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Dimensional analysis (Speed of sound)

  • Thread starter kaydis
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  • #1
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Homework Statement:

Use dimensional analysis to predict how the speed of sound (u) in a gas may be influenced by the gas pressure (p), gas density (r) and acceleration due to gravity (g).

Relevant Equations:

u∝p^a r^b g^c

p = ML^-1T^-2
r= ML^-3
g=LT^-2
I've been going round in circle and am stuggling as maths is not my strong suit. Any ideas?
Up to the point where i equate the powers and then confuse myself, any help would be greatly appreciated.
 

Answers and Replies

  • #2
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First of all, what are the dimensions of speed, pressure, density and acceleration?
If you don't know that you will not be able to solve a problem with dimensional analysis.
 
  • #3
Orodruin
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Please show your efforts so far explicitly, ie, show us exactly what you have done.
 
  • #4
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First of all, what are the dimensions of speed, pressure, density and acceleration?
If you don't know that you will not be able to solve a problem with dimensional analysis.
p = ML^-1T^-2
r= ML^-3
g=LT^-2
 
  • #5
23
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Please show your efforts so far explicitly, ie, show us exactly what you have done.
Please show your efforts so far explicitly, ie, show us exactly what you have done.
u = p^a r^b g^c
u = (ML^-1T^-2)^a (ML^-3)^b (LT^-2)^c
u = M^a+b L^-1a-3b-c T^-2a-2c
im not convinced this is correct though
 
  • #6
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u = p^a r^b g^c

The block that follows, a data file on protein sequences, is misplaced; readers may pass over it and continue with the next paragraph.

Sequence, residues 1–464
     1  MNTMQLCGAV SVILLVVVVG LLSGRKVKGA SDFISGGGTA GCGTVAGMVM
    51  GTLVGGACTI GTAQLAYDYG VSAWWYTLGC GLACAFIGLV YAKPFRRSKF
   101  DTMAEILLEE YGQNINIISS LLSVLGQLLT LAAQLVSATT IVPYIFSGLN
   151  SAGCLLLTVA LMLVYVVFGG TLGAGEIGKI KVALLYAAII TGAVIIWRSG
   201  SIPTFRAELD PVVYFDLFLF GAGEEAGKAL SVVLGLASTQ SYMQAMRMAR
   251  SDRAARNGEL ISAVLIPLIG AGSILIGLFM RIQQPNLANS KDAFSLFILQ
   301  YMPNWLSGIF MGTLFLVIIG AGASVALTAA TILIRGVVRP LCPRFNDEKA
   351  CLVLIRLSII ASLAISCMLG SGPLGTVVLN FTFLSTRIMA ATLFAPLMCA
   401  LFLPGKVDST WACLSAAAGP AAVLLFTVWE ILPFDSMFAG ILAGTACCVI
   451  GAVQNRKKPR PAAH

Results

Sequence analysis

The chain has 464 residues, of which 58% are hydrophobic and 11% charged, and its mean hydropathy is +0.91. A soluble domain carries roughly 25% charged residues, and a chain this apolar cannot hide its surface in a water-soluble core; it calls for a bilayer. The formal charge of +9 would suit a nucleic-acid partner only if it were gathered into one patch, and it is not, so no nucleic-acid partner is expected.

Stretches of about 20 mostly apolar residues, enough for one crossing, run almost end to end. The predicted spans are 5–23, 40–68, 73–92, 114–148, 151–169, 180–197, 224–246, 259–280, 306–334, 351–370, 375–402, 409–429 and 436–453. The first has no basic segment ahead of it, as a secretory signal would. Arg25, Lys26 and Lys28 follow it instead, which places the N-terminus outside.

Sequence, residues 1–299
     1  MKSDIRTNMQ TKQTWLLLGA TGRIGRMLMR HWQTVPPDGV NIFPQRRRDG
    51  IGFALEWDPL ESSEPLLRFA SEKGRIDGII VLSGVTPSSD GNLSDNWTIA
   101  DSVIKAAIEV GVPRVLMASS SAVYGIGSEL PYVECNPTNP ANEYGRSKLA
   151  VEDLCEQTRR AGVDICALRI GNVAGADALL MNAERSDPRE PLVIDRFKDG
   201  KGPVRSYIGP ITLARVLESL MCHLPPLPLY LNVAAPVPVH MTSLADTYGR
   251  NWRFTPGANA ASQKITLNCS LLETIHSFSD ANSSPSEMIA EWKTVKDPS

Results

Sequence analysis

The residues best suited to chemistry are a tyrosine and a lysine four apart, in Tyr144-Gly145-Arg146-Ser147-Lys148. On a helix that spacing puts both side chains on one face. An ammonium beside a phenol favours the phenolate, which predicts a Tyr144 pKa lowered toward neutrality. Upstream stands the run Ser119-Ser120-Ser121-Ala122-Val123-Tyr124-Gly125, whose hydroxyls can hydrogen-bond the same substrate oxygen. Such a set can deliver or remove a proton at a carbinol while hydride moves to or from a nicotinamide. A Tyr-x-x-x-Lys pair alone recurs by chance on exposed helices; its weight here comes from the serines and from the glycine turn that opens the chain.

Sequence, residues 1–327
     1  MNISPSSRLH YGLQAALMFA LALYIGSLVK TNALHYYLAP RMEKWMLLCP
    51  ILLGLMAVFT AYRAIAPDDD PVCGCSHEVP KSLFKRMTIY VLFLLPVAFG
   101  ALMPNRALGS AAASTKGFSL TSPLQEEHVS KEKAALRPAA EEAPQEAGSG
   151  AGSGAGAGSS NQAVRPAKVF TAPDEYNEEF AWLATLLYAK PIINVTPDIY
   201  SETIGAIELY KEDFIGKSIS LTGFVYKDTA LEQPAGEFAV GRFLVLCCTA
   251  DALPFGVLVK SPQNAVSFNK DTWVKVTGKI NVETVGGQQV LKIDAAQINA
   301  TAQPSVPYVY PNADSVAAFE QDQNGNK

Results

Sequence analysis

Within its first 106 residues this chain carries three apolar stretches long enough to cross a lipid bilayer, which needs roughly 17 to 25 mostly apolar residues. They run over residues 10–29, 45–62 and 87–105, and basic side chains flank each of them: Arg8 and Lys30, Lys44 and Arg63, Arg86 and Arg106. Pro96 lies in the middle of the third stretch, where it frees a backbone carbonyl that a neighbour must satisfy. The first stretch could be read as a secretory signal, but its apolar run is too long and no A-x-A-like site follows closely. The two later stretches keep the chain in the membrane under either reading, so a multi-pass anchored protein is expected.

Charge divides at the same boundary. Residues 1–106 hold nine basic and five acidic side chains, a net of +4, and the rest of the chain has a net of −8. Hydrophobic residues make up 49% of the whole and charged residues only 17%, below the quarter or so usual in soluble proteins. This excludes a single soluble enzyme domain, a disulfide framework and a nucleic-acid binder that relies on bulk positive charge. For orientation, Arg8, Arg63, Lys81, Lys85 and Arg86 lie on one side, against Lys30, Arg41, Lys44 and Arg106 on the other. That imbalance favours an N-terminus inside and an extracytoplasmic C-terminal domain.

u = (ML^-1T^-2)^a (ML^-3)^b (LT^-2)^c
u = M^a+b L^-1a-3b-c T^-2a-2c
im not convinced this is correct though
Ok, be careful with the ##L## exponent. But you didn't answer my question, what are the dimensions of speed?
 
  • #7
Orodruin
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u = p^a r^b g^c
u = (ML^-1T^-2)^a (ML^-3)^b (LT^-2)^c
First of all, note that the second expression here should be ##[u ]##, i.e., the dimension of ##u##, not ##u## itself. Second, what is ####? Also, be careful about the exponents of ##\mathsf L##.
 
  • #8
23
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Ok, be careful with the ##L## exponent. But you didn't answer my question, what are the dimensions of speed?
okay, and i havent been given that in the question paper but im guessing it would be LT^-1
 
  • #9
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okay, and i havent been given that in the question paper but im guessing it would be LT^-1
Exact, so now you should have the same dimensions at each side of the =, right?. What does this tell you?
 
  • #10
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First of all, note that the second expression here should be ##[u ]##, i.e., the dimension of ##u##, not ##u## itself. Second, what is ####? Also, be careful about the exponents of ##\mathsf L##.
okay, i'll change that now. and what do you mean about the exponent of L? I'm sorry to sound stupid but I haven't ever done dimensional analsis before
 
  • #11
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Exact, so now you should have the same dimensions at each side of the =, right?. What does this tell you?
Yes, they cancel each other out so the gas isn't influenced by the p,r or g?
 
  • #12
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okay, i'll change that now. and what do you mean about the exponent of L? I'm sorry to sound stupid but I haven't ever done dimensional analsis before
You have something like ##L^n##, the number ##n## is the exponent of L

Yes, they cancel each other out so the gas isn't influenced by the p,r or g?
No, why they should cancel each other?
 
  • #13
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You have something like ##L^n##, the number ##n## is the exponent of L



No, why they should cancel each other?
I dont know, I'm dont understand this at all. I havent done any maths qualifications other than GCSE's and i have been thrown in the deep end.
 
  • #14
Orodruin